A Hummingbird Magnet – The Trumpet Vine

The Trumpet Vine ( Campsis radicans ) is a beautiful, useful, hardy native vine of the Southeastern United States. It receives its common name based on the many trumpet shaped orange flowers that it produces. Some of its other common names are also useful descriptors of the nature of this plant: Hummingbird Vine, Outhouse Vine and Cow-Itch.

This perennial vine’s use as a hummingbird attractant cannot be over emphasized. Hummingbird’s adore this plant and may return year after year to it. The Hilton Pond nature center had the following to say about this plant’s use in their hummingbird banding efforts: “it is absolutely an amazing attractant for hummingbirds. We maintain a monstrous monoculture of Trumpet Creeper that serves as centerpiece for our hummingbird trapping area”.

But I only quoted a portion of the sentence from the Hilton Pond website – the sentence continued with this warning: “but many folks shy away from this magnificent native plant because it grows so rapidly and, coincidentally, because it causes dermatitis in cattle (and some people)–hence the alternate name of “Cow Itch.” Indeed, this is a very rapid growing vine. It will take over any structure that it is planted near. Even Wikipedia warns that “ruthless pruning is recommended” with this vine.

But, one person’s junk is another person’s treasure. Many people prize this plant because of its ability to cover unsightly walls or structures. This is how it became known as the “Outhouse Vine”. The Killer Plants website mentions that this plant was highly prized back in the day of outhouses for its ability to quickly and ornamentally (perhaps fragrantly, as well?) help conceal an outhouse.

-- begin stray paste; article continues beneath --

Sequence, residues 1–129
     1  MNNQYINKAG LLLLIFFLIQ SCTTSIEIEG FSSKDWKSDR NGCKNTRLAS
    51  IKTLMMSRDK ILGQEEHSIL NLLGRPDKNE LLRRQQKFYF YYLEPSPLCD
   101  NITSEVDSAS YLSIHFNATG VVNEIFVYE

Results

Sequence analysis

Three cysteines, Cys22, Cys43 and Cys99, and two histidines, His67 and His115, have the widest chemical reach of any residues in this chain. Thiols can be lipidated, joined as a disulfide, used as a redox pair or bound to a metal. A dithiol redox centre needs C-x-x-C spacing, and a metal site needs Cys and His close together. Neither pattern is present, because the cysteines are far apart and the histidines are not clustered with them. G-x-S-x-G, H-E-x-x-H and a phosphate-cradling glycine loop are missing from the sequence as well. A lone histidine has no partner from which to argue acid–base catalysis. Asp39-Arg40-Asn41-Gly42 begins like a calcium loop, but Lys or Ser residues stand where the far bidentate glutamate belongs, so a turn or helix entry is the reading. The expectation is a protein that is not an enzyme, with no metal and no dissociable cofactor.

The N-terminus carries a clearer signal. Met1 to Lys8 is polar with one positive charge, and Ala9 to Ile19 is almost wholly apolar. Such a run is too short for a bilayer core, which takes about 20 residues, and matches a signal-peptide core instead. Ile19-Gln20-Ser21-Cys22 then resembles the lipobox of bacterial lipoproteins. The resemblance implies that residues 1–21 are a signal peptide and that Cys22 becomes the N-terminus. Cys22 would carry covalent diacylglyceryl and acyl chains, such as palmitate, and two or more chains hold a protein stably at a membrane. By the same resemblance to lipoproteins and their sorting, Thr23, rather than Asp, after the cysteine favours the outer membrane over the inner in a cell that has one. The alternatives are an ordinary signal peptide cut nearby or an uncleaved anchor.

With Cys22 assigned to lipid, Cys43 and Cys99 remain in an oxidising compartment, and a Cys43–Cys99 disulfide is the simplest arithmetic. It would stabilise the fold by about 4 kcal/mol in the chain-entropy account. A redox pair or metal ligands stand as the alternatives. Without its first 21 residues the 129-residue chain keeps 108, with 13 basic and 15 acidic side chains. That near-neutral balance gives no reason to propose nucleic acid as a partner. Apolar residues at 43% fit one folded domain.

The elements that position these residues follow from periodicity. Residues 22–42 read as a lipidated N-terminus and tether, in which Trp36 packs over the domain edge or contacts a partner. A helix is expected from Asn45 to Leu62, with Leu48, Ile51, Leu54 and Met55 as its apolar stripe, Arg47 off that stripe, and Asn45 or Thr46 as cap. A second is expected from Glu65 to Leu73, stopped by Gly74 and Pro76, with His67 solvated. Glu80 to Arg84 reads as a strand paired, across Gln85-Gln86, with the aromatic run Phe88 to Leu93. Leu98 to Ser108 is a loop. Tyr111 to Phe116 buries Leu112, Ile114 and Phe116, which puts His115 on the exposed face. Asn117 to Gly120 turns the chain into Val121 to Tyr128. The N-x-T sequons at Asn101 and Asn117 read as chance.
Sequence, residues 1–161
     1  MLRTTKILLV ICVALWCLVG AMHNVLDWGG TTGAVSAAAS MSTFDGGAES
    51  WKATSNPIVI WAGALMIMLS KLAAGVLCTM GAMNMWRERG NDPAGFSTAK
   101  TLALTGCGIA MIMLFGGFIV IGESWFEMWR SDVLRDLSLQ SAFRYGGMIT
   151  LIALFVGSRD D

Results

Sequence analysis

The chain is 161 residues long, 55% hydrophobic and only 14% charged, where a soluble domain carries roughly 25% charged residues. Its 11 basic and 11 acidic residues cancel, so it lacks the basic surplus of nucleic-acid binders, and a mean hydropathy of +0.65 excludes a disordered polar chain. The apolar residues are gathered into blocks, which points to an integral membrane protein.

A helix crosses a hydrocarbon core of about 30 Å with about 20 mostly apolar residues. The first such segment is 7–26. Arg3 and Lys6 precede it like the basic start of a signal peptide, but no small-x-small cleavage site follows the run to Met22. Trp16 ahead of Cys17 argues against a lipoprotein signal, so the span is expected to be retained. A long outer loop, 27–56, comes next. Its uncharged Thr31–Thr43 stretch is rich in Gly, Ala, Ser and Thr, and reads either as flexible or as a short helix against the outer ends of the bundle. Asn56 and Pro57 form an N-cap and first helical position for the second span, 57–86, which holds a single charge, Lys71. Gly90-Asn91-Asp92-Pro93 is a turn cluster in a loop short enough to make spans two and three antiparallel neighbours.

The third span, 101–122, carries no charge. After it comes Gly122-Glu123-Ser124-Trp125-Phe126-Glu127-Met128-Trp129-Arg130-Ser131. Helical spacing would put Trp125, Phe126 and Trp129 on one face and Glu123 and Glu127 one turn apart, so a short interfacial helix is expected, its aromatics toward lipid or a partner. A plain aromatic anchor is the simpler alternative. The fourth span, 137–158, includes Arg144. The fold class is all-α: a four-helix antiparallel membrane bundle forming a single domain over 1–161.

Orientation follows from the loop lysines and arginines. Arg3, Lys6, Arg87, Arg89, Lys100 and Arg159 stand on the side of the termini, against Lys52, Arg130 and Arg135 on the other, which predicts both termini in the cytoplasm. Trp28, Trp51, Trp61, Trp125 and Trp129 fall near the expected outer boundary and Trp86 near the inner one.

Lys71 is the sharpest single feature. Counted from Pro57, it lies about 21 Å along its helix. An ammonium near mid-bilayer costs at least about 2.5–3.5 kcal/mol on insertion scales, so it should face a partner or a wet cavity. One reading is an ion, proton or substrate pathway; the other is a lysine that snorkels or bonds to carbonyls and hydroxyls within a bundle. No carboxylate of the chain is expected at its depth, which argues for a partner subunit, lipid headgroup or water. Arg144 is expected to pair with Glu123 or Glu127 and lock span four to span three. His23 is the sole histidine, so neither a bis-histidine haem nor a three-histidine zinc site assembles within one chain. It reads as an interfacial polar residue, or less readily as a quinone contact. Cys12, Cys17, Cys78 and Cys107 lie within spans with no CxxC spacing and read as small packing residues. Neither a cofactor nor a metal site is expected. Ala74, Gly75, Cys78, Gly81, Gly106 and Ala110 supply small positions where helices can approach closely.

At the end of its growing season, the Trumpet Vine produces several 6″ – 9″, bean shaped seed pods that are filled with small, winged seeds. Once the pods are completely dry (sometime during the winter), they will split open and spill their content of winged seeds. And how many seeds are in a pod? I didn’t know, so I decided to find out.

Using a razor blade, I carefully cut along the seam that joined the two halves of the pod together and pried the pod open. The first thing that I noticed was how neatly and elegantly the little winged seeds were packed into the pod. Each seed was lightly connected at a corner to each adjacent seed. And each row of seeds was packed atop another row of seeds- much like sliced bacon in a package. Someone should really study the “packaging” of the Trumpet Vine seeds. It is truly amazing at how neatly and orderly everything fits. One website had estimated around 400 seeds per pod. It was quickly apparent to me that there were more then 400 seeds in the pod. But how many?

I began to weigh the seeds on a digital kitchen scale that could measure as low as 1g of weight. I kept adding the seeds until the scale measured 1g. I counted those seeds- and it appeared that around 250 seeds weighed 1g. I then weighed the rest of the seeds, they weighed 5g. Therefore there was a total of 6g of seeds which gives an estimated count of around 1,500 seeds per pod! It is said that one would have to have a “brown thumb” to be unsuccessful at growing a Trumpet Vine. It is little wonder, therefore, that it can spread so quickly and become an invasive.

Loose seeds on an 8.5″ x 11″ sheet of paper. How did that pile ever fit into one pod?